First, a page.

Let’s face it, supermarkets benefitted from the pandemic.
You may have been locked down, but unless you were living in a bomb shelter, you would not have avoided images of shoppers, panicked, greedy and some way beyond sensible, stacking trolleys sky-high with toilet paper, canned goods, bottled water and sundries.
And if you thought those day were gone, think again.
They may not be panic buying at peak-pandemic levels, but in some areas, shoppers continue to stuff trolleys with as many (or much) beans, rice, pasta and toilet rolls than they did before the pandemic.
And, in terms of revenue growth, regional retailers are performing much better than metro outlets.
Why? “This could be because people are concerned about being exposed to the disease and so they are still stocking up on pantry items,” said BIS Oxford Economics chief Australia economist Sarah Hunter.
“It could also be that some of the products in this category are better substitutes for spending on food that would normally take place outside of the home or they’re treat items.”
AMP Capital chief economist Shane Oliver thinks this trend may be indicative of the number of people heading to regional areas as the shift towards working from home and a “regional renaissance” intensifies.
“More people moving to regional Australia or least living and holidaying there now means stronger retail sales growth there,” said Dr Oliver.
Still, overall, supermarket sales have fallen since March 2020 when trolley stuffers emptied supermarket shelves during the pandemic’s peak.
And yet the latest Australian Bureau of Statistics data released on Monday shows grocery shopping levels remain higher than they were two years ago.
While regional outlets have thrived, those closer to the cities have experienced dwindling sales.
So how do supermarkets respond?
Coles and Woolworths have started a price war that will have only one winner.
The supermarket giants have slashed prices on hundreds of products. That’s good news for your grocery bill, with savings to be had on everything from rice to roast pork.
Expect savings of up to 50 per cent on breakfast, lunch and dinner items, as well as snacks, hygiene and household cleaning products and pantry staples.
Coles is taking its infamous “Down Down” marketing spiel more seriously than ever, says spokesperson Martin Smithson.
“Since the start of the year, we’ve lowered the price of more than 500 products – and we’re not finished yet,” he said.
“With many Australians looking for ways to save money on regular purchases, we’ve lowered the cost of some of Australia’s most-enjoyed breakfast, lunch and dinner items to deliver even better value to our customers.”
Coles also announced an expanded convenience range over winter.
“We are seeing a trend of customers wanting affordable convenience, and we’ve responded to this by doubling our range of ready-to-heat and ready-to-eat meals at Coles,” said Mr Smithson.
Woolworths returned fire with price reductions across almost 220 products, including pork, chicken and soup, and savings of up to $10 on bulk rice bags and coffee.
“The prices dropped represent our commitment to giving customers the most value each time they shop with us, and covers a range of winter essentials, making roasts, warm beverages, bakeware, storage and medicine more affordable,” Woolworths spokesperson Paul Harker told TND.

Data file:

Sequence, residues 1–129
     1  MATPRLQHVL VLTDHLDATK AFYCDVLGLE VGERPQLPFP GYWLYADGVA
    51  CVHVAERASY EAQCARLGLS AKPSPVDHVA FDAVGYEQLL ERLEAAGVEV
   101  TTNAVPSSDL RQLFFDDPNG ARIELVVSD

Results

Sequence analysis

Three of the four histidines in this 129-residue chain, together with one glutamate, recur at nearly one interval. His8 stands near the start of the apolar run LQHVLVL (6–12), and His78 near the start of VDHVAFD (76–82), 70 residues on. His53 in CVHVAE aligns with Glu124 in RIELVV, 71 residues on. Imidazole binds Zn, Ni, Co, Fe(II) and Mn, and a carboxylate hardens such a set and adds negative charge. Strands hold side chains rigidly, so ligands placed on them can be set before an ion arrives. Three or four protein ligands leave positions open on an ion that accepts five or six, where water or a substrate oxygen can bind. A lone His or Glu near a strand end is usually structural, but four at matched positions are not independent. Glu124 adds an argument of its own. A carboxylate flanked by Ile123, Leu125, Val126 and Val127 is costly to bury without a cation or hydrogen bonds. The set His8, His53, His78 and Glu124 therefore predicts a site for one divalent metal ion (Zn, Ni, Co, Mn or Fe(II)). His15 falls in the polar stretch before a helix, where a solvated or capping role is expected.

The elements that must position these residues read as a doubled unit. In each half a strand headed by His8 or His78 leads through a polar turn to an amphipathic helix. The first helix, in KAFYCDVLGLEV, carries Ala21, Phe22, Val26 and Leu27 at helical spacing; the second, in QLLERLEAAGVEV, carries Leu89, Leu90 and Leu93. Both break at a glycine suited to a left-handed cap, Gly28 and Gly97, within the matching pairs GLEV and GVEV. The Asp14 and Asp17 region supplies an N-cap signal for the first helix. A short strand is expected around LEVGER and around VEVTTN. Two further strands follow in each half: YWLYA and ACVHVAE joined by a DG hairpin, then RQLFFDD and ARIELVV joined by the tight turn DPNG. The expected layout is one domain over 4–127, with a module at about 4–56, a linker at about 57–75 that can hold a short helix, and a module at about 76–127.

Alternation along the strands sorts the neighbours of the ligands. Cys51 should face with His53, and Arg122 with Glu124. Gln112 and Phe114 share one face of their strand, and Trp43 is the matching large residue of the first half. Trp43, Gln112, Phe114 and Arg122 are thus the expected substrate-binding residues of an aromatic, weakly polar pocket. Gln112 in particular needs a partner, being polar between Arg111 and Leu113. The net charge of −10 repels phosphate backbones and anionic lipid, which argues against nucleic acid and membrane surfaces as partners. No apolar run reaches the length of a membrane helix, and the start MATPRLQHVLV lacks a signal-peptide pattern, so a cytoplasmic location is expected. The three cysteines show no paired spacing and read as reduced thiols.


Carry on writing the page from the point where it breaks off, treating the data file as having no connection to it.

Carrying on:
The price war is expected to last for a short time, with Coles’ savings lasting until the end of July and Woolworths’ cuts continuing throughout August.
While Coles and Woolworths exchange salvoes, a newer retailer plans to attack them from the flank.
Since September 2020, discount retailer Ten Tops has quietly built a cult following, with superstores that don’t sell anything over $10.
With three stores open across NSW, and two more on the way, the retailer’s heavy discounts have already attracted a bundle of budget-conscious shoppers.
“The communities really seem to be embracing it and find really great value,” marketing manager Isabella Bernardi told news.com.au.
“We were overwhelmed with the support in the first couple of weeks, so much so that the locals pretty much stripped the shelves,” she said.
“Having that level of interest was really exciting for us, especially with it being our first store. It allowed us to be really well prepared for our Canberra and Wagga openings.”
The chain is owned by 50-year-old company the Bernardi Group, and sells everything from homewares, gardening and pet care products to frozen foods, party and stationery supplies, health and beauty products – even cleaning supplies, tools and automotive goods.
“We don’t necessarily market as a grocery store, so it’s not like you could come and get bread and milk, but there is a big grocery offering there,” said Ms Bernardi.
Ten Tops sold a very specific line of items it can buy at low wholesale prices, she said.
“The buyers focus on product that naturally is a lower price point and strike competitive deals with our suppliers.
“It’s also focusing on products that are going to be of worth but aren’t $300.”
The Bernardi Group uses its 50 years of retail experience to find great wholesale deals and pass them on to sellers.
“We understand how important good value is to our customers and there is certainly some competition among our team on who can find the best deals – especially when it comes to everyday products,” said co-CEO Joseph Bernardi.
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